Friday, December 7, 2007

Juno What I Mean: A Special Guest Review

Dearest bloggeratti,

Sickness here, while this may be my blog I am not so vast in my power I can be everywhere I want to be at once. So when something cool comes along like a screening of the much buzzed about Juno with a follow-up Q&A with star Ellen Page all the way in San Francisco, I know something must be done. Luckily one of my agents and friend of the site Carold Finkelstein was on hand to cover the event. Cary as a huge fan of virtually everyone involved in this picture has all the passion and knowledge I'd want from a guest-reviewer so consider yourself lucky to be reading his opinion.

I'll be checking in with Cary in a follow up entry to pump him for more information (yes, yes, I really do have it coming sometimes) about the flick and chatting with Miss Page in person. Let me go on by saying that I am incredibly pleased with Cary for not only writing up an especially eloquent and savvy review, but doing it so quickly amidst me yelling at him like J. Jonah Jameson (by which I mean I gchatted him saying to get me pictures of Spider-Man). Kudos to you Carold, go have a fashion show at lunch. Here's Cary:
Juno tells the story of a high school girl (Page) who gets pregnant and decides to keep the baby. There's no political or social statements about abortion. Juno doesn't have to fight her way across picket lines or deal with any religious backlash. Diablo Cody, in her sparkling screenwriting debut, leaves those at the door. Juno freely talks about the "sea monkey" growing in her belly or when it's going to pop out her "vag." The dialogue crackles with one-liners that will leave you slumping over your movie seats and wishing you had a remote to go back and catch the lines you missed while laughing so hard.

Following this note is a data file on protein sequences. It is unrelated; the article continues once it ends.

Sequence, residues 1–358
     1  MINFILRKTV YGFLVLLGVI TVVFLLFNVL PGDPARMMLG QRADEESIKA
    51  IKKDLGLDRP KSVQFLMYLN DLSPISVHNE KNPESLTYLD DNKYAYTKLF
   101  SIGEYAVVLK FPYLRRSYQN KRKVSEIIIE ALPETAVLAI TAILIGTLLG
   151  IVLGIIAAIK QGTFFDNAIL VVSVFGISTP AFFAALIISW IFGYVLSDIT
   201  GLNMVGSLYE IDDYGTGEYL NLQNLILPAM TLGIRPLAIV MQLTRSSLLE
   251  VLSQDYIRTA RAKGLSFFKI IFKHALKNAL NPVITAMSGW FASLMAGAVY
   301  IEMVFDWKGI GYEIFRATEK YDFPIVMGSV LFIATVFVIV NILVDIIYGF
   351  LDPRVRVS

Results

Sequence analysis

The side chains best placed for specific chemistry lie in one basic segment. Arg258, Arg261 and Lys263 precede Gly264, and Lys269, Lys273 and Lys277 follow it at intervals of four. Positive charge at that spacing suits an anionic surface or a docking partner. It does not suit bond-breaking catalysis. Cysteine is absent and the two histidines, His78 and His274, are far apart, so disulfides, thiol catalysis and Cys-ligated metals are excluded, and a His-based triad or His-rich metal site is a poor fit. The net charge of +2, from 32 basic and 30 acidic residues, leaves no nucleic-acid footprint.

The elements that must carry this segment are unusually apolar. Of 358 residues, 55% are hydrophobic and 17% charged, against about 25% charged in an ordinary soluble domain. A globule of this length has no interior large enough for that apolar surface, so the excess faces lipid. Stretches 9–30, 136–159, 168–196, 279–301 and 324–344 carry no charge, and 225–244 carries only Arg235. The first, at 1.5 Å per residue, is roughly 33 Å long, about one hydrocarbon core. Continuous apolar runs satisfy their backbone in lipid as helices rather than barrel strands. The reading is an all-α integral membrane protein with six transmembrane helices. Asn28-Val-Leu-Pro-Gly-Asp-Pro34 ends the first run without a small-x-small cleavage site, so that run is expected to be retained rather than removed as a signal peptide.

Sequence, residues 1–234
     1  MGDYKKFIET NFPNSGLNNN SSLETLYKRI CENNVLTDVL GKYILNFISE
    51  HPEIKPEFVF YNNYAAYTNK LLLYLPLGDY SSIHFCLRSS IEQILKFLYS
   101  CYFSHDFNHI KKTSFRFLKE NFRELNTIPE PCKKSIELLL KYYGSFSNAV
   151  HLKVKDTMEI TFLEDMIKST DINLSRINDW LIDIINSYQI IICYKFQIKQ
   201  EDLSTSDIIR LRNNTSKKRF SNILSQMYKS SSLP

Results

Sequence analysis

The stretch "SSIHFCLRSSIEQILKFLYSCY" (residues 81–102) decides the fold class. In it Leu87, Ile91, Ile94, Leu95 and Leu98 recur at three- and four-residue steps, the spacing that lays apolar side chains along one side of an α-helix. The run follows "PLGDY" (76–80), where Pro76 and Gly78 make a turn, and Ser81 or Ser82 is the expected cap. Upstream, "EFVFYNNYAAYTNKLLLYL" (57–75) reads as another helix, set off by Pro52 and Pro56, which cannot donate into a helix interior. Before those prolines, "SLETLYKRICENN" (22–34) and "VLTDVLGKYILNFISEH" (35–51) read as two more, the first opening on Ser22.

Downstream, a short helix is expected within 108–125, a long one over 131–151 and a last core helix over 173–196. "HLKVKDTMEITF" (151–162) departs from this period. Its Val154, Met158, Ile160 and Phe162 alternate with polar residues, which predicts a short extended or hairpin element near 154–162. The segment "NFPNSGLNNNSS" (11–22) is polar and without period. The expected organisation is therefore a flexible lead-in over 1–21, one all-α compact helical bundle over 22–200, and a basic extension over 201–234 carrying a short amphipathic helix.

The movie doesn't waste anytime when Juno takes that fateful pregnancy test in the opening minutes. And here's where things get interesting: instead of turning into some Lifetime movie, Juno takes this opportunity to look at marriage, friendship, parenthood, and yes, love. It doesn't preach, it doesn't suggest any message or any way to live your life. Like any great comedy, it makes you laugh so hard that you don't realize how affecting it is until the closing credits roll.

All of the praise heaped on Ellen Page for this breakthrough role (yes I'm aware she was in Hard Candy and X-Men: the Last Stand, but this one is a career-maker), is well earned. Juno is smart, sassy, tender, confident, weak, and like most teenagers, unsure about who she is and where her life will go. Page hits the bulls-eye and effortlessly balances all of these traits. She doesn't come off as "too much" of anything, she comes off human.